2010 FIFA World Cup South Africa™

11 June - 11 July

2010 FIFA World Cup™

Koreans call on set-piece masters

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Besides reaching the knockout stages of the FIFA World Cup™ for the first time on foreign soil, Korea Republic have set another record by scoring five times in the group stage – their highest tally in eight appearances on the world's greatest football stage. And remarkably, in a tournament short on dead-ball excellence, three of these five goals have come from free-kicks with the other two arriving after they capitalised on their opponents' mistakes.

It helps that coach Huh Jung-Moo has three dead-ball specialists at his disposal. Promising midfielder Ki Sung-Yueng earned a reputation for his fearsome shooting during Asian Zone qualifying, while left winger Yeom Ki-Hun is a designated taker of free-kicks on the right side of the area, having underlined his influence at the 2008 East Asian Championship. For his part, forward Park Chu-Young has a deadly right foot as Nigeria have already discovered to their cost.

In the South Koreans' Group B opener against Greece, it was Ki, the Celtic starlet, set the ball rolling with a low delivery from the left into the path of Lee Jung-Soo, who was left with a simple job of tapping the ball in at the far post. Ki and Lee then combined for an almost identical opening goal against Nigeria on Tuesday, when Ki curled a free-kick to the far post where the Kashima Antlers centre-back volleyed home an equaliser for his second goal of these finals.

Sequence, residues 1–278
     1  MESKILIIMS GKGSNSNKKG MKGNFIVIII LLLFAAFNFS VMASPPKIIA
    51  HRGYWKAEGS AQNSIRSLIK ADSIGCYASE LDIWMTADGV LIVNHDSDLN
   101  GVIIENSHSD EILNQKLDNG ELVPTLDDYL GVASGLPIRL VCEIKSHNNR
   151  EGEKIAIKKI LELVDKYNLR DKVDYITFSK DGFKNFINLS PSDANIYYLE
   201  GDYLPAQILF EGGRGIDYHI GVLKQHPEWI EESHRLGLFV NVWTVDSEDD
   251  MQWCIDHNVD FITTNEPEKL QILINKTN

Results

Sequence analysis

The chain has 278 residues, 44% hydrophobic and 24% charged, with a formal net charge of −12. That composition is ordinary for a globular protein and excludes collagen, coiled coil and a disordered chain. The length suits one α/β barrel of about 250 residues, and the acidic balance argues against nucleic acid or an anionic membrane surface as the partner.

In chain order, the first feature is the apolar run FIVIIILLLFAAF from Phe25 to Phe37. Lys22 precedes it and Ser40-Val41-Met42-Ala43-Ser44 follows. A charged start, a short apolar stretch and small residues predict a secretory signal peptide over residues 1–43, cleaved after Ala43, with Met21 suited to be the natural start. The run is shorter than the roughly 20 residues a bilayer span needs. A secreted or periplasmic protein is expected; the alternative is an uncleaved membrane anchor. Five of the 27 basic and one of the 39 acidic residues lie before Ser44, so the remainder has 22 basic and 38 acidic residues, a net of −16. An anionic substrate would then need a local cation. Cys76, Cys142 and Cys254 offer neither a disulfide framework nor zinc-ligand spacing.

The reason why we can't see many goals from free-kicks in this tournament is that players are not accustomed to the ball and the altitude.

"Actually during the team training session before the game, the set-piece didn't work as well as we'd planned. So Sung-Yueng and I took some more time to practise it just between us," Lee told FIFA a day after he helped his country advance to the last 16. "As we had practised a lot on headers following free-kicks, I tried to head the ball at first when it came to me but somehow it fell to my foot and I was able to score a lucky goal."

If Park Ji-Sung and Lee Chung-Yong finished well when scoring against Greece and Argentina – both players profiting from some sloppy defending – arguably the finest strike yet by a South Korean player was Park Chu-Young's free-kick against Nigeria. After his unfortunate own goal in the 4-1 drubbing by Argentina, he redeemed himself with a superb free-kick to put his side ahead in the second half against the west Africans. The Monaco marksman curled the ball around the wall and into the right corner of the net to put his side ahead. It put Korea Republic 2-1 ahead and they eventually held on for a 2-2 draw that booked their passage to the Round of 16.

"We've worked a lot on set-pieces, and Chu-Young was appointed to take the free-kick from that particular spot," coach Huh said, who had some interesting observations about the role of the Jabulani ball. "When you kick the ball with power it goes well over [the goal] most of the time. So I told him to hit the ball with more precision than power. The reason why we can't see many goals from free-kicks in this tournament is that players are not accustomed to the ball and the altitude."

Korea Republic's dead-ball mastery will be put to the test in their last-16 encounter with Uruguay. It may be the only way through a defence yet to concede a goal in the competition.

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